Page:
[1]Under some circumstances. As always there are exceptions and I overly caveat all things I say.
[2]As Joshua would certainly tell you.
[3]Just for you, Ruth.
[4] Anecdotally, I've heard basketball players say the game becomes less fun once it's no longer a game.

[5] I should have cut that chunk about intrinsic/extrinsic, shouldn't've I? Or at least axed the redundancy of the forced vegetable consumption scenarios.


  1. Yet institutionally the most common practice for teaching behavior to young children continues to be token economies and modified versions of Lee Canter's assertive discipline ( which rely heavily on carrots and sticks. Somehow you tend to end up with happy and orderly kindergartners and unhappy fifth graders when these methods are used exclusively. Many learned what to do, but miss the internal rewards--and internalizing the why's entirely.

    On an institutional basis, Glasser's Reality Therapy (, while flawed, incomplete, and usually used reactively, at least addresses intrinsic motivation and globally applicable social growth.

    As far as persuasion--while there are many great principles that can help to persuade others--one that I find very interesting is Benjamin Franklin's astute reversal of the maxim that when we choose to serve someone, we learn to love them. From his autobiography:

    "My first promotion was my being chosen, in 1736, clerk of the General Assembly. The choice was made that year without opposition; but the year following, when I was again propos'd (the choice, like that of the members, being annual), a new member made a long speech against me, in order to favour some other candidate. I was, however, chosen, which was the more agreeable to me, as, besides the pay for the immediate service as clerk, the place gave me a better opportunity of keeping up an interest among the members, which secur'd to me the business of printing the votes, laws, paper money, and other occasional jobbs for the public, that, on the whole, were very profitable."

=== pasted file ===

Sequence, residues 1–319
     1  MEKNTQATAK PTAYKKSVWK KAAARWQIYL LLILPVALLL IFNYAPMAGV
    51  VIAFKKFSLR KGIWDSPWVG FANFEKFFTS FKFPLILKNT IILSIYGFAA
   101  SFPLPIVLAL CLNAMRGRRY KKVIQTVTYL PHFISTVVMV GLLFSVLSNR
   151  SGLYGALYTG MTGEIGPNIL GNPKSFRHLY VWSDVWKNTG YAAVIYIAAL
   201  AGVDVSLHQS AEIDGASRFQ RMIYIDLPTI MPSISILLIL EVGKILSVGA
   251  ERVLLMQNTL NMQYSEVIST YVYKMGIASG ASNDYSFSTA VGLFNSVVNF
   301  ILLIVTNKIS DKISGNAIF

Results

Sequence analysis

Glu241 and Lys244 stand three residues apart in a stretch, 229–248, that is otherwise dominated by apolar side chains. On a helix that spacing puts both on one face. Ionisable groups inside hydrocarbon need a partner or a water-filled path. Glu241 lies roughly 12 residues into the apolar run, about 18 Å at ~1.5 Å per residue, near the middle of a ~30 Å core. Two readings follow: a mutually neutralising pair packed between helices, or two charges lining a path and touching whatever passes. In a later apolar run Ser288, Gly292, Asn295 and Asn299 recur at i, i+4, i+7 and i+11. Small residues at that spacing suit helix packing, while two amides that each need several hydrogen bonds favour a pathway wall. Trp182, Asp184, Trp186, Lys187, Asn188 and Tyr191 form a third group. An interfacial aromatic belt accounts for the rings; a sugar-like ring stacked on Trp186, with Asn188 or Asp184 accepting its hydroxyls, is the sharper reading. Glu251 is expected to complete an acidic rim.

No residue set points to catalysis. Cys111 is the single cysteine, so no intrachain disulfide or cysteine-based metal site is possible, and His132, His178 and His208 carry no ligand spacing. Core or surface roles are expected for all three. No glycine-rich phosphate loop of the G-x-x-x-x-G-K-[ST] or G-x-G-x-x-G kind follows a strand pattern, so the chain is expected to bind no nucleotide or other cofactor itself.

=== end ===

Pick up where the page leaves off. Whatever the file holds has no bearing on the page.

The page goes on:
"I therefore did not like the opposition of this new member, who was a gentleman of fortune and education, with talents that were likely to give him, in time, great influence in the House, which, indeed, afterwards happened. I did not, however, aim at gaining his favour by paying any servile respect to him, but, after some time, took this other method. Having heard that he had in his library a certain very scarce and curious book, I wrote a note to him, expressing my desire of perusing that book, and requesting he would do me the favour of lending it to me for a few days. He sent it immediately, and I return'd it in about a week with another note, expressing strongly my sense of the favour. When we next met in the House, he spoke to me (which he had never done before), and with great civility; and he ever after manifested a readiness to serve me on all occasions, so that we became great friends, and our friendship continued to his death. This is another instance of the truth of an old maxim I had learned, which says, "He that has once done you a kindness will be more ready to do you another, than he whom you yourself have obliged." And it shows how much more profitable it is prudently to remove, than to resent, return, and continue inimical proceedings."

  2. Ouch! Charlie! That really hurt!... and it's still hurting